GlobalData forecasts 3D printing in medical devices set to grow at 21% CAGR to US$4B industry by 2026, as it complements traditional manufacturing by offering new opportunities for personalization and small-batch production of complicated parts

Sample article from our Health Care Sector

February 24, 2023 (press release) –

3D printing complements traditional manufacturing by offering new opportunities for personalization and small-batch production of complicated parts. In medical devices, this allows for customized devices uniquely suited to patients, improving fit, comfort, and outcomes while reducing the risk of complications. Given its advantages, the medical 3D printing market is forecast to grow from just over $2 billion in sales in 2022 to $4 billion in 2026 at a 21% compound annual growth rate (CAGR), according to GlobalData, a leading data and analytics company.

GlobalData’s latest report, ‘3D Printing in Medical Devices – Thematic Intelligence,’ reveals that 3D printing revenue in medical has been steadily increasing since 2018, due to its increasing applications in orthopedic, dental, interbody, surgical, and personalized devices.

Ashley Clarke, Medical Analyst at GlobalData, comments: “3D printing can be used to create custom prosthetics and implants to meet the individual needs of a patient, improving functionality and patient comfort. 3D printed surgical guides can also aid surgeons performing joint replacement, spinal, and other complex surgeries, leading to improved accuracy and precision during procedures, increased success rate, and reduced recovery times.”

3D printing is a useful tool for rapid prototyping and allows new designs to be created at a fraction of the time and cost. This can help accelerate the development process for new devices.

Clarke continues: “Unlike traditional manufacturing techniques, 3D printing offers greater design freedom and has little to no additional cost for increasing complexity of a design. Devices with intricate structures and internal cavities are now possible to manufacture. Design iterations can also help to reduce components, weight, and cost, which is perfect for creating lightweight, compact medical devices with internal functionality.”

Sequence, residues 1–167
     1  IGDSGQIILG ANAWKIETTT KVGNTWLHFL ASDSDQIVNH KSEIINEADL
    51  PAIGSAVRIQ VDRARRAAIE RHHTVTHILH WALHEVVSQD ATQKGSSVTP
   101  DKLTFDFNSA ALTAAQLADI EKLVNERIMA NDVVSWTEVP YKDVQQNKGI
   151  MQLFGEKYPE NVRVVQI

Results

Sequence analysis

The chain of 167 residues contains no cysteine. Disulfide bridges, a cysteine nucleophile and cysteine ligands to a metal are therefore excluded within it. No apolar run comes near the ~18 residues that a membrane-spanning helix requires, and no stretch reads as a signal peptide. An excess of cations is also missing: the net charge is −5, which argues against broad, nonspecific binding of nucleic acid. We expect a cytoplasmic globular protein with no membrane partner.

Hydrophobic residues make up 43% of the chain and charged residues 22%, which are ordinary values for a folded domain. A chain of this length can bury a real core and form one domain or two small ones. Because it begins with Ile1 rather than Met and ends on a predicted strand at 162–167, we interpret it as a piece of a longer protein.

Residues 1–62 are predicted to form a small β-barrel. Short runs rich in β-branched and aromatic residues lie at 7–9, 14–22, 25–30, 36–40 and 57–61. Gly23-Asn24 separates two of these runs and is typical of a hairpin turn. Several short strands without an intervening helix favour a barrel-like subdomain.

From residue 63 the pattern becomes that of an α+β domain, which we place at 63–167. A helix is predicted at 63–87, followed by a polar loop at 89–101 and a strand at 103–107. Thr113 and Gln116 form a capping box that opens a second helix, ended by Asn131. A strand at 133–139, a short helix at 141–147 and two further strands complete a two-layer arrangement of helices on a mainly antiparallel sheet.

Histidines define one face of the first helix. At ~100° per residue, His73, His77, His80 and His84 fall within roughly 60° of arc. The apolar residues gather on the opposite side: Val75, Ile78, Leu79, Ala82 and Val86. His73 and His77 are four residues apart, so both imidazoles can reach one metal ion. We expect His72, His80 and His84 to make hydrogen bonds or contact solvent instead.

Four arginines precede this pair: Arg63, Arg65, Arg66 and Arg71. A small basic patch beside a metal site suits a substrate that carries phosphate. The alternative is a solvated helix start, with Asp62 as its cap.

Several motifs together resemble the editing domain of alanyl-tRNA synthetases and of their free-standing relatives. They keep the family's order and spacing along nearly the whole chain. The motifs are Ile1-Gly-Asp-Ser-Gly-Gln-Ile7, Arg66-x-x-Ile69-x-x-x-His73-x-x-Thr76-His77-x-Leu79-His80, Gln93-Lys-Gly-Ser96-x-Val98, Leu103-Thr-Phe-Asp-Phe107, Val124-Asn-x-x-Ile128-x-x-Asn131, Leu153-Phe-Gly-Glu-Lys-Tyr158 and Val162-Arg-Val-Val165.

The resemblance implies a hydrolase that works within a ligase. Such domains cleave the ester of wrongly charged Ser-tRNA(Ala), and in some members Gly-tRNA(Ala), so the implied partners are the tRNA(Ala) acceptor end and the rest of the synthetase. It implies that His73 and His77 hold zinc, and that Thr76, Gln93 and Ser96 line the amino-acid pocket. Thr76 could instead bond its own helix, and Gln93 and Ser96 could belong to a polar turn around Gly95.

With more research, 3D printing could also lead to printed ‘smart materials’ with geometries that are nearly impossible to produce using other methods. ‘Smart materials’ respond to stimuli in their environment, such as heat, moisture, or sound, and are promising for medical applications as they can enhance current devices with new properties and improved performance.

Prosthetic limbs with built-in sensitivity, self-expanding stents, self-healing joint replacements, and drug delivery devices that respond to infection are just some of the potential ‘smart’ devices. Though still far from commercial production, research and design of these devices can benefit from the customizable, small-batch, low-cost, and design freedoms that 3D printing allows.

Clarke concludes: “As investment in 3D printing continues to grow across all industries, the number of companies with 3D printing software, hardware, materials, and services increases. This will accelerate the decentralization of medical device production and improve device accessibility and distribution. As the technology continues to evolve, we can expect to see more even more innovative and exciting medical applications.”

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